Question: We are going bonkers trying to get to the bottom of this. When Eddie Murphy was on Saturday Night Live, he did a sketch called "Buckwheat Sings" in which he sang several songs as Buckwheat (i.e., virtually incomprehensible). We recognized most of the songs ("Three Times a Lady," "Bette Davis Eyes"), but there is one that we just can't figure out — "Oona Panoona Bonka." This has caused a major disagreement: My friend says that it is a song that Murphy made up, and I say that it is a real song from the '50s, but I just can't put my finger on it. Can you enlighten us? We have resorted to the Bet: The prize is a tasty adult beverage at our favorite watering hole. Please, wise Televisionary, quench my thirst for knowledge so that I may be rewarded with a tasty beverage.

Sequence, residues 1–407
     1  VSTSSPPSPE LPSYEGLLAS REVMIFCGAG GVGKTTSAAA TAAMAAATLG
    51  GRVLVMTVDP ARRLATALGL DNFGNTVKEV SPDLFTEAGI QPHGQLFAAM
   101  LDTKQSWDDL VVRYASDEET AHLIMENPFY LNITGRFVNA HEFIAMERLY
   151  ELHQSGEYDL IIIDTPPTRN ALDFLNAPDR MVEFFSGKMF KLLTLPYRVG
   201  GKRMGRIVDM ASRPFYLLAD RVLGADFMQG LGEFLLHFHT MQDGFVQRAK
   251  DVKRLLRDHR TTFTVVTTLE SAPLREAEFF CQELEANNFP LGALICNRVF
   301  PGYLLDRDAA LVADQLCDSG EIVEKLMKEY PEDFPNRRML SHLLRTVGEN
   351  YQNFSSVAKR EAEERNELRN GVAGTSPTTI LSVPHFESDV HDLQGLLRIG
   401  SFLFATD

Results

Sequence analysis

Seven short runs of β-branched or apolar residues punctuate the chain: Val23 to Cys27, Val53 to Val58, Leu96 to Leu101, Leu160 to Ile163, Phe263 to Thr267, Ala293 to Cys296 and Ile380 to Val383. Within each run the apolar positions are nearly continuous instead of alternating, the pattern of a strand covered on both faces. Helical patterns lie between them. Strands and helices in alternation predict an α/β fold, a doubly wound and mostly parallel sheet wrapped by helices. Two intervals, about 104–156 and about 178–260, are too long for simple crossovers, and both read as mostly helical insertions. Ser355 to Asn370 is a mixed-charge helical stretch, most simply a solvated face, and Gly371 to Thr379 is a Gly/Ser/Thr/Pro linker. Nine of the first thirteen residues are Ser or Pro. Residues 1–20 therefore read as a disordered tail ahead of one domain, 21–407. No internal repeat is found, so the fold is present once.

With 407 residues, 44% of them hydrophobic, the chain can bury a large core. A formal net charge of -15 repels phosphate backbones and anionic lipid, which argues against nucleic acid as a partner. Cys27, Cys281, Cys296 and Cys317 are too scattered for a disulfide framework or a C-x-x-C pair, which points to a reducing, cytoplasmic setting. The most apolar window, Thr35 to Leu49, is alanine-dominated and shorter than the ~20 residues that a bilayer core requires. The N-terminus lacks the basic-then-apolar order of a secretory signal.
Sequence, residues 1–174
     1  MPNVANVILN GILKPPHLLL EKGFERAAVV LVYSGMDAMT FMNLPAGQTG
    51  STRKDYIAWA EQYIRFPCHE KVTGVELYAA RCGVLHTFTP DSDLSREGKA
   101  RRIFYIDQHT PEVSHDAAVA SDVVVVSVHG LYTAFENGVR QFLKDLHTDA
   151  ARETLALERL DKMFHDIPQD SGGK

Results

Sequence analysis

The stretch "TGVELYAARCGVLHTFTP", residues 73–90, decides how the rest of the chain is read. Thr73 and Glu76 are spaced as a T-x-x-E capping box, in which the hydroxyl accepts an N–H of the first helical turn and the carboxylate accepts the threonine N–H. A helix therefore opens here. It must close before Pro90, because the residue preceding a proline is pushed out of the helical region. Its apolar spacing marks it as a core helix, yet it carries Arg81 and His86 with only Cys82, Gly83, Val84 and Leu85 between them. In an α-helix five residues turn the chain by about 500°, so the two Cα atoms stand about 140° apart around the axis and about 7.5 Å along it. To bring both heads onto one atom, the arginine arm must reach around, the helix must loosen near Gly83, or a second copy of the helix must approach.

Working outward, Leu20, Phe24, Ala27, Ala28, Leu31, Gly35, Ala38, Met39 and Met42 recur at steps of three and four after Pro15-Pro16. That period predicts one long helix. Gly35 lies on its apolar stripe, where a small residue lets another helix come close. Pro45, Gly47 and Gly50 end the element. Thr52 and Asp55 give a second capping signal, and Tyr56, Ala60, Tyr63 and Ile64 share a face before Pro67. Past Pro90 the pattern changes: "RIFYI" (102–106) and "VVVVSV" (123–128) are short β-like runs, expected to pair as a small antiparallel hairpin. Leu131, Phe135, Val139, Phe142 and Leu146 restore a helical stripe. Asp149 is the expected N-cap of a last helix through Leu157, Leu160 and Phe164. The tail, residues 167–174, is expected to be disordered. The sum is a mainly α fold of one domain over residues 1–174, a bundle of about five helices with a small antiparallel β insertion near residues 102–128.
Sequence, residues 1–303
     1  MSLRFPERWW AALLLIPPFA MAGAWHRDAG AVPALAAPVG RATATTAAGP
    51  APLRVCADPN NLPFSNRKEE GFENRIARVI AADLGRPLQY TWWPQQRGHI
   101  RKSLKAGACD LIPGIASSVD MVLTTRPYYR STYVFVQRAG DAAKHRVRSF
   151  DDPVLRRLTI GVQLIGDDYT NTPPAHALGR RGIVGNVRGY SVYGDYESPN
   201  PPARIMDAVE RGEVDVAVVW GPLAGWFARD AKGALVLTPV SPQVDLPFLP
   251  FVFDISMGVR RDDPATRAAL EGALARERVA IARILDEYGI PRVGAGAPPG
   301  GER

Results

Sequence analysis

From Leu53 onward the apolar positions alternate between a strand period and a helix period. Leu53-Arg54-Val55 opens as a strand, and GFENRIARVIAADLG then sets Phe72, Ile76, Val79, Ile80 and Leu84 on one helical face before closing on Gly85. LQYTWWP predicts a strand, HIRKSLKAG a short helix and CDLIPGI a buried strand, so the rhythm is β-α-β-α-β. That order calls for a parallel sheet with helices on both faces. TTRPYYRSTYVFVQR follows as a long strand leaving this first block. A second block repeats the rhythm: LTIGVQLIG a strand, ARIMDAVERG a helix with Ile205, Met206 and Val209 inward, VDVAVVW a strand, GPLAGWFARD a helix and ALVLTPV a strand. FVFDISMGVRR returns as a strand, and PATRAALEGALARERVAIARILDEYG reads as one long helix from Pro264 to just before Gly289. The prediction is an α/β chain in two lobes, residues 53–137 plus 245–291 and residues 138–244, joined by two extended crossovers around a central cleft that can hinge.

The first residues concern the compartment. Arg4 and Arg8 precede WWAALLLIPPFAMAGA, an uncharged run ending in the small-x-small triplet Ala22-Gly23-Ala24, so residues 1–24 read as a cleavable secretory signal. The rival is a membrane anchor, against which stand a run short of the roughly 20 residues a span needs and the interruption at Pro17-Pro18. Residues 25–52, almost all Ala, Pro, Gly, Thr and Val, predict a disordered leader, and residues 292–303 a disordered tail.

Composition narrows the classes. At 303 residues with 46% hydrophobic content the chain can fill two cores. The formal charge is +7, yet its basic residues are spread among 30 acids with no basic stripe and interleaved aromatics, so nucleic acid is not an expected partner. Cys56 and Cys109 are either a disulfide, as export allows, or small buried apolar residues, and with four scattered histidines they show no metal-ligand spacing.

Answer: All right, everybody. At the risk of turning poor Mike
It's only one day into the summer Television Critics Association press tour in Beverly Hills, and already we've seen one of the best shows (albeit not on TV) that we're likely to get in the next three weeks of hype and schmooze.
The occasion: a panel late Tuesday afternoon promoting Pioneers of Primetime, a PBS special (airing Nov. 9) about the legendary vaudevillian clowns who first made TV popular. Several gave their final TV interviews for this documentary, including the late Milton Berle, Steve Allen and Red Skelton — who turned down producer Steve Boettcher's interview requests at least half a dozen times before relenting and rewarding him with three and a half hours shortly before he died.
At TCA, this all-star panel of 80-something golden-age talent, which at first glance promised to be an exercise in fawning nostalgia, quickly turned into a rollicking display of classic shtick, as Red Buttons and Carl Reiner me